Ireland raises its profile at new year celebrations
Members of Macnas taking part in Chinese New Year celebrations in Beijing's Chaoyang Park. Thousands of spectators have been drawn to their shows. photograph: clifford coonan
Macnas and JIG took to the streets in Beijing to welcome in the year of the snake
It’s cold in Chaoyang Park in downtown Beijing at the height of the spring festival. What looks like a three-metre tall deer, accompanied by an equally lanky goat, are meandering through a crowd of bewildered and amazed Chinese people, out to celebrate the year of the snake.
A lion queen in a giant skirt-hoop skirt plays hide and seek with owls and foxes and mice, as a phalanx of bemused security guards keep back hundreds of spectators.
Nothing could have prepared Beijing for the arrival of Macnas, but their show Chaosmos is really going down a treat at the Chaoyang New Year Festival, which this year features Ireland as the guest of honour.
About nine million people have left Beijing for the Chinese New Year holiday. Statistics show that 7.75 million of them are migrant workers returning to their ancestral homes to be with their families and celebrate the spring festival.
The remainder has gone on holiday to places like Macau or Hainan Island.
Not everyone though has gone home. One family – a husband, a wife and their daughter, from Harbin in Heilongjiang province, has lived in Beijing for 10 years. This is the first time they have not travelled back to their chilly northeastern home for the festival.
It is not easy to be away from the extended family, but they are enjoying the show.
“I really don’t know what this is, but I like it. We don’t have anything like this in Harbin,” says the mother.
The stilt-walkers and performers wend their way through the park, while on the main stage it feels increasingly like the Phoenix Park, not Chaoyang Park, as a group of musicians belt out Spanish Lady.
The show JIG: The Story of Irish Dance has drawn thousands of spectators, especially the dance sequences which have enough Riverdance in them to delight the Chinese audience.
Riverdance is by far Ireland’s biggest cultural export here and JIG is a big draw, especially on the arrival of youthful special guests Christy (14) and Erin (12) Jensen, who have previously performed in the Forbidden City Concert hall.
There are stands selling Kerrygold products, an Irish education stand and the James Joyce bar is selling chuanr, which are Beijing spicy meat on a skewer. However this is not about the hard sell, it is about raising profile and it is certainly doing that.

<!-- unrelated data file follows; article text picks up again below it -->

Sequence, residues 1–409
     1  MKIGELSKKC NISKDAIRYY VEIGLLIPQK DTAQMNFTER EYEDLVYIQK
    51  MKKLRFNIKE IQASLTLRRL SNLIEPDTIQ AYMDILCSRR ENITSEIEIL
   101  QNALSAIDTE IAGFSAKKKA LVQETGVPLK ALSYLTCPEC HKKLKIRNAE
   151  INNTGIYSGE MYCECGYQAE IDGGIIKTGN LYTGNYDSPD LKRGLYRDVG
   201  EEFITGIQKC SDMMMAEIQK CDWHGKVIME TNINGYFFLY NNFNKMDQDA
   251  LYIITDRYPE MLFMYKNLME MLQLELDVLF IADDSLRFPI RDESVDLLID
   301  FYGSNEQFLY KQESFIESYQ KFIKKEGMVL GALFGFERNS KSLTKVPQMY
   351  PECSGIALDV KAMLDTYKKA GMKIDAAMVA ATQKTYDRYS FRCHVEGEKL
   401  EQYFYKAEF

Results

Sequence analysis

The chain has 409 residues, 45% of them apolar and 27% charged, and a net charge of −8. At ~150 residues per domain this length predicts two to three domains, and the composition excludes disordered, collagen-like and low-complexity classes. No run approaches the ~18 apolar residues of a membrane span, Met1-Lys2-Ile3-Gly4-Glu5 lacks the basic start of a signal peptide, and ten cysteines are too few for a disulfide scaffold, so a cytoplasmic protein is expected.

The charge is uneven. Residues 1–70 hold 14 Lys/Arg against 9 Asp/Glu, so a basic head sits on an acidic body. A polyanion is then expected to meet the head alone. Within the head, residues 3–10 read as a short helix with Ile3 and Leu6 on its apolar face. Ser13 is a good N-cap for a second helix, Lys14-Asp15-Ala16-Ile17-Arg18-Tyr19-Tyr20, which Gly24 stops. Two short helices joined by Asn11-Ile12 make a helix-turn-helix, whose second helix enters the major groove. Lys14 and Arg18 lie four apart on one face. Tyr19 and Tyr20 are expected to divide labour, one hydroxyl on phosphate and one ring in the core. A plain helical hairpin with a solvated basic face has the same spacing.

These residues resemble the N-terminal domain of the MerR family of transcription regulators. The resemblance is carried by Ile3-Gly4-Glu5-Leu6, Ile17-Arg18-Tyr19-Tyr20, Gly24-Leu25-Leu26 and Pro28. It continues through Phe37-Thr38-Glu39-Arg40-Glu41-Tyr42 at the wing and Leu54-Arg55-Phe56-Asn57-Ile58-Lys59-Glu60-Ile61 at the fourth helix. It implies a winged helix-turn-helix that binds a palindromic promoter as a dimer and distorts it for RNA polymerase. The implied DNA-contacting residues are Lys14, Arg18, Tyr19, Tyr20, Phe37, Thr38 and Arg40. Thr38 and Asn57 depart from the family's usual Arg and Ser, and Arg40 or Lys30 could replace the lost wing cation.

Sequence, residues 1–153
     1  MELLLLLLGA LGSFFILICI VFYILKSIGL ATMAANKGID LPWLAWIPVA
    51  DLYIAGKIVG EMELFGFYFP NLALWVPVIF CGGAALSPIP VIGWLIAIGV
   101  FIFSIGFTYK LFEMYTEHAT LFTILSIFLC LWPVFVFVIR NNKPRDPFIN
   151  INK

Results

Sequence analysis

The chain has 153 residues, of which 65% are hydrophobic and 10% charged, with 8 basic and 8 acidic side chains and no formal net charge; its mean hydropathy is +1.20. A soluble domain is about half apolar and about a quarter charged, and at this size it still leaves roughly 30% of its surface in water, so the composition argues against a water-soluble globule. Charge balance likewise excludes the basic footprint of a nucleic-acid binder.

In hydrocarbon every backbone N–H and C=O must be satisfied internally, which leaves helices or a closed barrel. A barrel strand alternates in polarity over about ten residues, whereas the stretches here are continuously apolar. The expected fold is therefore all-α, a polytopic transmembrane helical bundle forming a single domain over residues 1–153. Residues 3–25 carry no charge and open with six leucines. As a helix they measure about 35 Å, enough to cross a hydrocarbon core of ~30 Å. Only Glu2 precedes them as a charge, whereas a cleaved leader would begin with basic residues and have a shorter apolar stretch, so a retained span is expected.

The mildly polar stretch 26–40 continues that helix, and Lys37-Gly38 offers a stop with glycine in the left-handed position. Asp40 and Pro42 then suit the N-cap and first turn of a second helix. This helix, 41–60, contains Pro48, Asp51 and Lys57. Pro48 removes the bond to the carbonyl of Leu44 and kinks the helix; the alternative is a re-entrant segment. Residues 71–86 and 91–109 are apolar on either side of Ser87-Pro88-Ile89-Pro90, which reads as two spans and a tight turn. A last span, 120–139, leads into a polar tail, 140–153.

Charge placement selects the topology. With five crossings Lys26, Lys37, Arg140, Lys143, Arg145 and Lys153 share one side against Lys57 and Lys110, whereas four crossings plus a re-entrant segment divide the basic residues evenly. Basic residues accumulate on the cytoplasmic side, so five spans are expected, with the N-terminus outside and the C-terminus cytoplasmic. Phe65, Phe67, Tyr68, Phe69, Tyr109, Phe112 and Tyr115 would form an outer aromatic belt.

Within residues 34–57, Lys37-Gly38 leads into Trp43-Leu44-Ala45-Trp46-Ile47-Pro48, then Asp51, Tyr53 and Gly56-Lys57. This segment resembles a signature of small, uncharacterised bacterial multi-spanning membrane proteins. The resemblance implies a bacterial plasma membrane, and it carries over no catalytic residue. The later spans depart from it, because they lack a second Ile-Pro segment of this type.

One man surnamed Li, who is taking photographs with a long lens, is saying what a great place Ireland is.
“I know Ireland well. Ireland, Scotland, England, I know them all,” he says, somewhat cryptically, as it is not clear if he just knows where they are or if he has a deeper familiarity.
A retired man is singing loudly to himself. He gives a thumbs up and says: “Great. Ireland is great.” He is wearing a baseball cap that says ‘Diaoyu Islands Belong To China’, a nationalist sentiment that refers to the current spat between China and Japan over a chain of tiny, unoccupied islands in the East China Sea. Clearly he is selective about which countries he resents.
The exodus has left the city a far more manageable place for the remaining 11 million people to bring in the year of the snake with fewer traffic jams and subway queues to deal with. Many of the city’s five million cars are also not in evidence.
The fireworks have also been less of a barrage than in previous years.
There have been plenty of bangs and whistles and sparkling displays in the sky, but Beijingers have largely followed instructions to keep the fireworks to a minimum this year because of the pollution that has blighted the capital in the past few weeks.
There is also a more austere atmosphere. The Communist Party spent much of the dragon year fighting off one corruption scandal or another, and it will hope that the snake year is one of clean hands for the ruling party or else they could face potentially dire consequences.
The air quality has been much better – the factories are closed and the streets far less congested than usual, although Wednesday saw the readings from the US embassy creep back into “hazardous” territory after a few days of blue skies.
Leaving the park, a man in a Mickey Mouse costume shuffles around, smoking a cigarette somehow.
A young couple rushes over to him and the girl lines up beside Mickey while the boy takes the photograph.
Then Mickey speaks in the international language, increasingly the language of New China, as he rubs his fingers together and asks them for money for the photo-op.
It may a big celebration to mark the year of the snake, but mice, even chancers dressed up as cartoon Mickeys, gotta live.